TOKYO, July 31 Japan's steelmakers are cautious about the outlook for profit growth this year due to weak export markets and delays in construction projects that has affected domestic demand for steel.
The big steel companies, which reported quarterly earnings this week, had been expected to benefit from the Japanese government's stimulus spending and rebuilding of areas devastated by an earthquake and tsunami in 2011.
But Prime Minister Shinzo Abe's commitment to rebuild aging infrastructure and revitalise Japan has come up against labour shortages that have driven up costs and delayed building projects. And Asian export markets have been hit by a prolonged price slump due to China's massive crude steel output.
Japan's steel product demand for buildings fell to 3.84 million tonnes in April-June from 4.04 million tonnes a year earlier after a sales tax hike from April cut purchases and the shortage of construction workers delayed some projects.
"Thanks to the government's (revitalisation) plan for infrastructure and rebuilding of northeastern regions from the 2011 earthquake, construction demand is strong, but actual works have been delayed due to labour shortage," JFE Holdings Inc vice president Shinichi Okada said at a news conference after the company's results on Wednesday.
Japan's top two steelmakers, Nippon Steel & Sumitomo Metal Corp and JFE, forecast higher earnings for the year but these were lower than analysts had expected.
Nippon Steel, the world's No.2 steelmaker, forecast a group recurring profit of 400 billion yen ($3.89 billion) for this business year, up 11 percent from a year ago, but below a consensus estimate of 428 billion in a poll of 17 analysts in Thomson Reuters I/B/E/S.
JFE's forecast at 180 billion yen, which is up from 174 billion a year ago, came below a consensus estimate of 201 billion in a poll of 15 analysts. Kobe Steel Ltd, Japan's No.3 steelmaker, also missed analysts consensus.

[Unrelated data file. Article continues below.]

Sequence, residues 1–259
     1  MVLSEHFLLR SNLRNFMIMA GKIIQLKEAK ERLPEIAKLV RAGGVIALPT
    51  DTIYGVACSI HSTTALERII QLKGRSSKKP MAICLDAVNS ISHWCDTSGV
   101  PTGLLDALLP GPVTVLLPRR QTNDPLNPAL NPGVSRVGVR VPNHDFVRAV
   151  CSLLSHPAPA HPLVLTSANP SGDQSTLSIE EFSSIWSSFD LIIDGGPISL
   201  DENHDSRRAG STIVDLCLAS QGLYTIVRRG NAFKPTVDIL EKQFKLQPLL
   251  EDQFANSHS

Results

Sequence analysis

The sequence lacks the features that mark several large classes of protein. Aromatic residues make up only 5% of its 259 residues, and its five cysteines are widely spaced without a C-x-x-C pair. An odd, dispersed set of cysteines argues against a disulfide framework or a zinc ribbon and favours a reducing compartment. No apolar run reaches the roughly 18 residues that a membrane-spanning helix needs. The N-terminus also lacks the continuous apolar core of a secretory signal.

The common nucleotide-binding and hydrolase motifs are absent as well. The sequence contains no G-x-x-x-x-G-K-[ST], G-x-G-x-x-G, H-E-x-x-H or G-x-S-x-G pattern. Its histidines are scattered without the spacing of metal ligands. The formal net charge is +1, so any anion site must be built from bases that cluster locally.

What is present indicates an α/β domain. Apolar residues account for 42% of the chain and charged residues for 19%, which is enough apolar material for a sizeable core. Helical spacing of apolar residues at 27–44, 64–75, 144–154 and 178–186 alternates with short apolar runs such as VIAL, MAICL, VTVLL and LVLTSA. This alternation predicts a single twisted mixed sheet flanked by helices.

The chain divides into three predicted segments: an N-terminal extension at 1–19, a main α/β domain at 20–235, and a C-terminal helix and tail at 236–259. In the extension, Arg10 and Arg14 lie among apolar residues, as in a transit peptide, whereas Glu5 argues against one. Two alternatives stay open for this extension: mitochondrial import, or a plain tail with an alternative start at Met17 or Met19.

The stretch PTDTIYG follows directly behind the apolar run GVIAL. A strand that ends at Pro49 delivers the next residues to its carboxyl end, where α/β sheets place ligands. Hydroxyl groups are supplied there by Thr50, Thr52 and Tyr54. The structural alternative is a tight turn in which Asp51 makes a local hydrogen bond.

Nippon Steel reported a 14 percent drop in recurring profit for the April-June quarter and JFE posted a 1.5 percent decline while Kobe reported a 26 percent gain.
"We think an overall impact from a sales tax hike came within our expectation, but some macro figures suggest different pictures. So we'll be carefully watching consumer demand later this year," executive vice president Katsuhiko Ota said at an earnings news conference on Thursday.
Japan's industrial output fell 3.3 percent in June, against economists' median estimate of a 1.2 percent drop in a Reuters poll of economists, government data showed on Wednesday.
Another headache for the steelmakers is a series of troubles at their old plants, which cut steel output and raised costs.
Nippon Steel's Nagoya plant, which was built in 1958, had power failures four times this year, causing it to book 10 billion yen in losses for the April-September half. Kobe's Kakogawa plant, build in 1970, had fires at some facilities twice and power outage in April-June, leading to 5 billion yen loss for the quarter.
As a result, Kobe cut its full-year crude steel output plan by 50,000 tonnes to 7.6 million tonnes. Nippon Steel said it is sticking to its forecast of 46 million tonne. JFE lowered its production plan by 500,000 tonnes to 29.5 million tonnes due to softer demand.
Japanese steelmakers are having to restrain exports despite the weak yen because of falling steel prices in the rest of Asia.
Nippon Steel's export ratio fell to 46 percent in April-June from 49 percent a year earlier while JFE's figure dipped to 46.2 percent from 51 percent a year earlier.
"Oversupply in China has not changed at all," JFE's Okada said.
The Shanghai rebar futures, closely watched steel price in Asia, have fallen to record lows in June because of slow demand in China, the world's biggest steel consumer.
"China's and South Korea's mills are stepping up export as they can't absorb supply in their home market, which weighs on prices in Asia," Eiji Hayashida, chairman of the Japan Iron and Steel Federation, said this week. "Steel exports from Japan are not likely to rise under the current circumstances." ($1 = 102.7300 Japanese Yen) (Reporting by Yuka Obayashi; Editing by Aaron Sheldrick and Jane Merriman)